the reality was that whether the date of the meeting with Mr O’Brien occurred before or after payment of the Transaction Bonus was a highly important issue in the case, as was the issue as to the date on which the respondent first learnt that the Transaction Bonus was said to be subject to the condition. The respondent’s vacillating evidence about when these dates occurred was clearly a critical matter to be taken into account when assessing his credibility. The judge appears – wrongly in my view – to have placed no importance on these matters which were, on any basis, important factors in assessing his credibility,
None of the additional matters relied upon by Mr Choudhury, as set out in paragraphs 74(iii)(a) above – (h) persuaded me that the judge’s findings of fact could be supported. Indeed some of the findings were the subject of the appellant’s third ground of appeal and detailed submission by Mr Craig. I do not address all the points but, in particular, it can be observed that, contrary to the judge’s view:
i) There was very little, if any evidential value in the email correspondence with other employees, none of whom were called as witnesses. Such correspondence did not in fact support the respondent’s account as the judge suggested in paragraphs 49 – 67 of the judgment. The judge appears to have held that these emails evidenced that Mr O’Brien had not spoken to those individuals about the Transaction Bonus being paid in lieu of the Prescribed Sum. A proper analysis of the emails showed that most of them were about whether Mr O’Brien had told individuals that the Transaction Bonus was being paid in lieu of redundancy payments (notice periods) and not about whether Mr O’Brien had told them that the Transaction Bonus was being paid in lieu of the Prescribed Sum. In particular one of the emails upon which the judge replied was an email from a Mr Kelly whose complaint was wholly irrelevant because he was not entitled to a Prescribed Sum in any event. Moreover, what may have been said to other employees, to the extent that it could be gleaned from the sometimes disgruntled email correspondence, had very little probative value as to what was actually said to the respondent.
ii) The terms of the 29 April 2013 letter, which was a formal letter setting out the terms of respondent’s redundancy, was equally consistent with Mr O’Brien’s account as with that of the respondent.
iii) The judge did not explain how the difference of emphasis between Mr O’Brien’s evidence as to the state of play concerning a consultancy agreement and that of the respondent, discredited Mr O’Brien’s evidence in relation to the entirely separate issue of as to what was said at the meeting on 10 December. Indeed it was difficult to see how it did discredit Mr O’Brien. There was no dispute between the respondent and Mr O’Brien about the fact that the respondent wanted a consultancy agreement with Glencore; nor was there any dispute that Mr O’Brien told the respondent that ultimately this was a matter that he would have to address with Glencore.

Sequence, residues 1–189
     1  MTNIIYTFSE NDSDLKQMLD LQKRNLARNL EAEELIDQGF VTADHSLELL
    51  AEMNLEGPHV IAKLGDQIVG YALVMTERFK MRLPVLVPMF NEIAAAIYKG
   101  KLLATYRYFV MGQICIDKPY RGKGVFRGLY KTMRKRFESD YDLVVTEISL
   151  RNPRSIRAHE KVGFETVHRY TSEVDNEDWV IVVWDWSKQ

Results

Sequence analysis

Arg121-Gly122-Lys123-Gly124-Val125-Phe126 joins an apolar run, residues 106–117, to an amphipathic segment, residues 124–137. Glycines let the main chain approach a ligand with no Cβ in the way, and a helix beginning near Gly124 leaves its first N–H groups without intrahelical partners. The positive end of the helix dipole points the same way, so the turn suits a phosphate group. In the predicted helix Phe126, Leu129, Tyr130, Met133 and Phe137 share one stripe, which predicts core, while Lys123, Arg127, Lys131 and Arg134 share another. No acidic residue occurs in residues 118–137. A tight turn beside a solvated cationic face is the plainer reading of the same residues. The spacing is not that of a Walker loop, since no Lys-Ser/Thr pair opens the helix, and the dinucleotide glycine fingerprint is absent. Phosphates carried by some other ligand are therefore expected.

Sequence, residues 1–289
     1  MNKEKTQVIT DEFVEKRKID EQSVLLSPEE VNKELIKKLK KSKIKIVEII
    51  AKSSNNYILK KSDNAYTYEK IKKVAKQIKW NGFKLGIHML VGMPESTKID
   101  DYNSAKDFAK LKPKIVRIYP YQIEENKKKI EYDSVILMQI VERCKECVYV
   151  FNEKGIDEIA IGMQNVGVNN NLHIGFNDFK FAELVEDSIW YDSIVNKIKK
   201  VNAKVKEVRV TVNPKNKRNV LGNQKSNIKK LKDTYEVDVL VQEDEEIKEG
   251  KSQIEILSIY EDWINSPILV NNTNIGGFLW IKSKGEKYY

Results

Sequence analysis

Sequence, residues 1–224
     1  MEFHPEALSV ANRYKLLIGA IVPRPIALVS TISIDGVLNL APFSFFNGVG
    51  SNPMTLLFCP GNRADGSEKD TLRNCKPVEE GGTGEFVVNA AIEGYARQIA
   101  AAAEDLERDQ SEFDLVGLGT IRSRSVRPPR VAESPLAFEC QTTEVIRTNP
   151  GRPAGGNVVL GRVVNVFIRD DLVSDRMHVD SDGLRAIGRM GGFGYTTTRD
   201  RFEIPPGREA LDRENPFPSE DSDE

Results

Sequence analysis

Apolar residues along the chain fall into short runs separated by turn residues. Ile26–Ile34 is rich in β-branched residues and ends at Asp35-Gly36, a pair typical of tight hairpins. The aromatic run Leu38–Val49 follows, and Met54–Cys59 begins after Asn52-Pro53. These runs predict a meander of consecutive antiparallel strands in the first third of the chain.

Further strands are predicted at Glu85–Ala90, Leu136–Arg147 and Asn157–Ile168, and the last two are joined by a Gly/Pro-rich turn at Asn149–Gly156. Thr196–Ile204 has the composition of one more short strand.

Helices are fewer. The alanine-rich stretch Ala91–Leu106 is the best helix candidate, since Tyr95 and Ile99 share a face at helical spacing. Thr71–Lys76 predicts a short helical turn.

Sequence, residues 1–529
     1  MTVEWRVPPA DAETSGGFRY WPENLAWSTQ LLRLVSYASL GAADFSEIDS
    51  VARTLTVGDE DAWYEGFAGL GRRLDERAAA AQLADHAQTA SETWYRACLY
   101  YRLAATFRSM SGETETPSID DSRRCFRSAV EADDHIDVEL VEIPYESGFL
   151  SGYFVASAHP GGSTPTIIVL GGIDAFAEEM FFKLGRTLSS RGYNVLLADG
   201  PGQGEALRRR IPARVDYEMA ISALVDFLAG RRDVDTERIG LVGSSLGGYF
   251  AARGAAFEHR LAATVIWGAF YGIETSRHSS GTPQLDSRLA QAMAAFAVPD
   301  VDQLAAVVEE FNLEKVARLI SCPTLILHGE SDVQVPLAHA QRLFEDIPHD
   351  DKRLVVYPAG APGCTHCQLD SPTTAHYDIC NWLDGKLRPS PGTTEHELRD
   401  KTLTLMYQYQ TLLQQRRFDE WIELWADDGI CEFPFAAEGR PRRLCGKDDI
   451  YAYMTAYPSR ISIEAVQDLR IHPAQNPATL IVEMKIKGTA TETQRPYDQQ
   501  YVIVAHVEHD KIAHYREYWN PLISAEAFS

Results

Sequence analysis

iv) It was not surprising that there was no contemporaneous document supporting Mr O’Brien’s evidence that he had imposed a condition in respect of the bonus. As the judge accepted at paragraphs 47 – 48 of the judgment, Mr O’Brien’s evidence was that, on the advice of Freshfields, nothing was put in writing in order to avoid the risk of triggering a requirement to consult with Glencore or the Takeover Panel in relation to the Transaction bonus.
v) The judge was wrong to state in paragraphs 67 of his judgment that Mr O’Brien’s email of 1 March 2013 to Mr Reid showed that in his conversation with Mr Sawyer (another employee) “he had gone further and told him specifically that no waiver was required.” The thrust of what was stated in Mr O’Brien’s email, and indeed in his evidence, was that no written waivers had been required from those individuals had been told that the Transaction Bonus was being paid in substitution for the Prescribed Sum. In such circumstances I cannot agree with the judge’s evaluation that this correspondence “resonated with the evidence of the respondent as to what he was told at the December 2012 meeting”.
vi) Nor was the judge’s view, apparently based on one line in paragraph 19 of Mr O’Brien’s witness statement, that Mr O’Brien’s had attempted to “create the impression, incorrectly, that the terms of offer of a Transaction Bonus were fixed by him with all relevant persons in conversation before any letter of notification arrived”, a fair criticism of the entirety of his evidence, which undermined his credibility. His oral evidence and other paragraphs of his witness statement made it clear that he had indeed started speaking to some employees in November 2012, before the Transaction Bonus letters were sent out. Mr O’Brien was not challenged in cross-examination on this aspect.
For the above reasons I conclude that the totality of the evidence before the judge clearly established that, whatever precise words he used, Mr O’Brien made it clear to the respondent at the meeting on 10 December that, if the respondent was going to accept the payment of the Transaction Bonus he would not be entitled to claim the Prescribed Sum. In my judgment the judge was plainly wrong for the reasons which I have given not to reach this conclusion. The findings which he did make were not open to him on a proper analysis of the evidence. For these reasons I would allow the appeal and give judgment for the appellant.